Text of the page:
Ice age maps predict change in Australian climateJanuary 20th, 2009 - 12:15 pm ICT by IANS
Sydney, Jan 20 (IANS) New maps of the earth’s surface during the peak of the last Ice Age points to northern Australia become wetter and southern Australia drier due to climate change in future. “During the last Ice Age - around 20,000 years ago - sea surface temperature was as much as 10 degrees colder than present and icebergs would have been regular visitors to the southern coastline of Australia,” Timothy Barrows of the Research School of Earth Sciences at Australian National University (ANC) said.
The temperature was estimated by measuring changes in abundance of tiny plankton fossils preserved on the sea floor, together with chemical analyses of the sediment itself.
“One of our major findings was that the continent’s mid latitudes (Canberra, Perth, Adelaide, Melbourne and Sydney) are very sensitive and experience the greatest climate change in and out of Ice Ages. This is where we should focus monitoring and look at past impacts of climate change.”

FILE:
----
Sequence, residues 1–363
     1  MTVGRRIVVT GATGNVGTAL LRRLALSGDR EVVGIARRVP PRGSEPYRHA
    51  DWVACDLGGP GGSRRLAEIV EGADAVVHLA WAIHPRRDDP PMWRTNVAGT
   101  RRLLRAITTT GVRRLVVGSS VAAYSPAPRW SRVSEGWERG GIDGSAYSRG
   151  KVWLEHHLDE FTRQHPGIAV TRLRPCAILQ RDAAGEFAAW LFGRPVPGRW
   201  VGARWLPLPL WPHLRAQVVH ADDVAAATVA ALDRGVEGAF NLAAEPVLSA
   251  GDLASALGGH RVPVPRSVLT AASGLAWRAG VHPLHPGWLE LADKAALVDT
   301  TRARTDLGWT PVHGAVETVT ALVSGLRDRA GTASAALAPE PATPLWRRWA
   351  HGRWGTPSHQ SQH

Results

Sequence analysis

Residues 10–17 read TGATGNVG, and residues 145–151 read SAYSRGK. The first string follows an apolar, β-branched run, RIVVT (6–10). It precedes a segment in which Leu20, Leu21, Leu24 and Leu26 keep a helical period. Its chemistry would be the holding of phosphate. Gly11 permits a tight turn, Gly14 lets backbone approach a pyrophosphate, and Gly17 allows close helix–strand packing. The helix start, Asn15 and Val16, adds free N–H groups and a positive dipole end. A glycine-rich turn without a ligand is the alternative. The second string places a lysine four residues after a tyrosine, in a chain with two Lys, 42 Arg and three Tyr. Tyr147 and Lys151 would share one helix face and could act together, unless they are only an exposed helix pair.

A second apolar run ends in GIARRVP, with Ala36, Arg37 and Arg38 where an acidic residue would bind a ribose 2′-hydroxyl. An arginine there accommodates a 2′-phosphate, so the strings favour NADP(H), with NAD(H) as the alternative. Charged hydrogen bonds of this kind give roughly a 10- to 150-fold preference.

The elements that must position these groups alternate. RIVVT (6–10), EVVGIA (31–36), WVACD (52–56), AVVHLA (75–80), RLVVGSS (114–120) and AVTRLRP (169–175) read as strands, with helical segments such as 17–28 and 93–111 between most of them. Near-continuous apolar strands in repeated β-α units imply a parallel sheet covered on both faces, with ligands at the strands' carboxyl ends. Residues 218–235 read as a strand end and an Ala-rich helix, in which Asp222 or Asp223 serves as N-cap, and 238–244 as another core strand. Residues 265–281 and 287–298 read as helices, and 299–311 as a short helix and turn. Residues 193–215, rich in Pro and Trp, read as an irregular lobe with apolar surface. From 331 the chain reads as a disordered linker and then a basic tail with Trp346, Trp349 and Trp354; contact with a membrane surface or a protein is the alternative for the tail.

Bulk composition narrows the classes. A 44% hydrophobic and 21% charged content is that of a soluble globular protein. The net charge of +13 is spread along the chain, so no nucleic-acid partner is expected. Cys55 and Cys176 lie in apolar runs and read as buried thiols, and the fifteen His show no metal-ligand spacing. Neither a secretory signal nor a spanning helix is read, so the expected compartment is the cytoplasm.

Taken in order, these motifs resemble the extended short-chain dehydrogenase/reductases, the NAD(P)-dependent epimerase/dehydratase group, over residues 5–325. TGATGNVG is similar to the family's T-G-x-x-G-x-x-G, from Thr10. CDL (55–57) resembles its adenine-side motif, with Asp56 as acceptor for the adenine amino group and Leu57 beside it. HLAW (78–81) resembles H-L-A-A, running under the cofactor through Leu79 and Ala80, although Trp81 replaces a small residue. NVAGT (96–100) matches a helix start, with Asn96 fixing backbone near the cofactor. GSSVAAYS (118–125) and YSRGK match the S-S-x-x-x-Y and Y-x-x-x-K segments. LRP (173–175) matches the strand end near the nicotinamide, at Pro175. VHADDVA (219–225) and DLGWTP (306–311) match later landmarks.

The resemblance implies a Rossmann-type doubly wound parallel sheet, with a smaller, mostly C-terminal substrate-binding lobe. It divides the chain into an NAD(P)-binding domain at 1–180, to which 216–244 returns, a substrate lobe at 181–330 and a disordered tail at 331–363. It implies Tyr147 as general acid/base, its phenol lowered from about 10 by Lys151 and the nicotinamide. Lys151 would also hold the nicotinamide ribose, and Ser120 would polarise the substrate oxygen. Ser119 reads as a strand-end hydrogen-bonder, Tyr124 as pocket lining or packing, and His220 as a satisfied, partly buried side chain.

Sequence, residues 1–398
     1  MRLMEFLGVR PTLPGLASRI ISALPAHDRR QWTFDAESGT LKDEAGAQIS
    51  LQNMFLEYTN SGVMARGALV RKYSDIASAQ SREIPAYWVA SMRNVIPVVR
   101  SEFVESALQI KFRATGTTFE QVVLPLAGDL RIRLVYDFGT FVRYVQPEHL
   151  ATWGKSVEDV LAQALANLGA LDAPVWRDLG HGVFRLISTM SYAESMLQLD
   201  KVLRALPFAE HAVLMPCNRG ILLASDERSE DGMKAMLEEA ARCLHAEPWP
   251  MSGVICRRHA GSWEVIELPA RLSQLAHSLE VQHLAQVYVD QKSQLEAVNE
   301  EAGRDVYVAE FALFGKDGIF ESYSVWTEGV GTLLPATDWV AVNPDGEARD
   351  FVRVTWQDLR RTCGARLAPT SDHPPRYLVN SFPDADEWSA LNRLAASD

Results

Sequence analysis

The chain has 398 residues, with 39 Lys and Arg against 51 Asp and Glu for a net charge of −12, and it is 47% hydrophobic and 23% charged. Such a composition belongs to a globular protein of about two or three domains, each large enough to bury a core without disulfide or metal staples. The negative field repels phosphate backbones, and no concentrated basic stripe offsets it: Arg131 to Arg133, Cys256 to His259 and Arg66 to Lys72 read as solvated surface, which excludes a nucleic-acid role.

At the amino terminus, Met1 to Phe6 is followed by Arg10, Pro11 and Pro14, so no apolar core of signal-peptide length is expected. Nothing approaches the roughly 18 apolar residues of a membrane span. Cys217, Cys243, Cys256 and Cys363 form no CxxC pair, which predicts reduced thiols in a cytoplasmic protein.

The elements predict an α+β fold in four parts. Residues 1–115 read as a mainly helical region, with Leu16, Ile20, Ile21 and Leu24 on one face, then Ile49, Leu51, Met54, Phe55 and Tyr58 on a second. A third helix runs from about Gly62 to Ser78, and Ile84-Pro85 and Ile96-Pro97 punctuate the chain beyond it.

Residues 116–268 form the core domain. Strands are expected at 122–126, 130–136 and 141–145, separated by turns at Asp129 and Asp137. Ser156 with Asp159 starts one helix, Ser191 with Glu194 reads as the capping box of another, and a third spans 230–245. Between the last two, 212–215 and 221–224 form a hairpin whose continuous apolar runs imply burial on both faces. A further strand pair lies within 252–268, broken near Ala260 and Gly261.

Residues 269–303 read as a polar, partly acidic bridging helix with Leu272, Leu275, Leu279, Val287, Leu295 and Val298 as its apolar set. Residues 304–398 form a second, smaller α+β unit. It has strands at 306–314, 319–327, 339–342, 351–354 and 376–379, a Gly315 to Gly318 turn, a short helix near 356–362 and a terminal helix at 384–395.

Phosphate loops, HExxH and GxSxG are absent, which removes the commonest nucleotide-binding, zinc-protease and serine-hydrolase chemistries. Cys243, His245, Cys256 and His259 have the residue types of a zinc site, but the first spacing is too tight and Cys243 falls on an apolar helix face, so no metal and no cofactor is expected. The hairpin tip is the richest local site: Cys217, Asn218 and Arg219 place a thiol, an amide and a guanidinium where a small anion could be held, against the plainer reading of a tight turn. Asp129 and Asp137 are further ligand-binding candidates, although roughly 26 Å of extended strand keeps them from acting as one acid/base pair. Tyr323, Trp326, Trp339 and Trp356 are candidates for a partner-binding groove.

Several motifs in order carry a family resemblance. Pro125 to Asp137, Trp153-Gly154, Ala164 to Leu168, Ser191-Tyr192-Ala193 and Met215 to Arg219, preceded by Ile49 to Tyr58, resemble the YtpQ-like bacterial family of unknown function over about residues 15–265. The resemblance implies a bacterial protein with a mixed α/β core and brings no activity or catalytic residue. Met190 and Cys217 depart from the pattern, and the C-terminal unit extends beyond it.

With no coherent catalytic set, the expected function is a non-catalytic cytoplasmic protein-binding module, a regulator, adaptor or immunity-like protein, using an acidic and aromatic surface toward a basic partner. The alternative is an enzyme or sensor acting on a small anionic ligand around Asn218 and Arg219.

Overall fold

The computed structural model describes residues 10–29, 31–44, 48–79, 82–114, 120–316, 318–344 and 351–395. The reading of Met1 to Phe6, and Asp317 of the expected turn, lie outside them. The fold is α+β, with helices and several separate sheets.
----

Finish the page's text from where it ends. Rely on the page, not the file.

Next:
The global warming at the end of the last Ice Age was the greatest in recent geological history. Temperatures warmed by as much as six to 10 degrees across Australia.
“We expect that the same pattern of change will hold for future global warming, with the temperate latitudes changing the most and the tropics changing the least,” Barrows said. “It should be wetter in the tropics and drier in the south as climate belts shift.
“Recently we have found that right at the end of the last Ice Age, temperatures were actually warmer than they are now in the southwest Pacific Ocean. We still do not know the reason for this.”
An international consortium of scientists from 11 countries has produced the maps, according to an ANU release.
The study is scheduled for publication in Nature Geoscience.
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Tags: anc, australian climate, barrows, chemical analyses, earth sciences, fossils, geological history, impacts of climate change, international consortium, last ice age, maps of the earth, mid latitudes, new maps, northern australia, sea floor, sea surface temperature, southern australia, southern coastline, southwest pacific ocean, temperate latitudes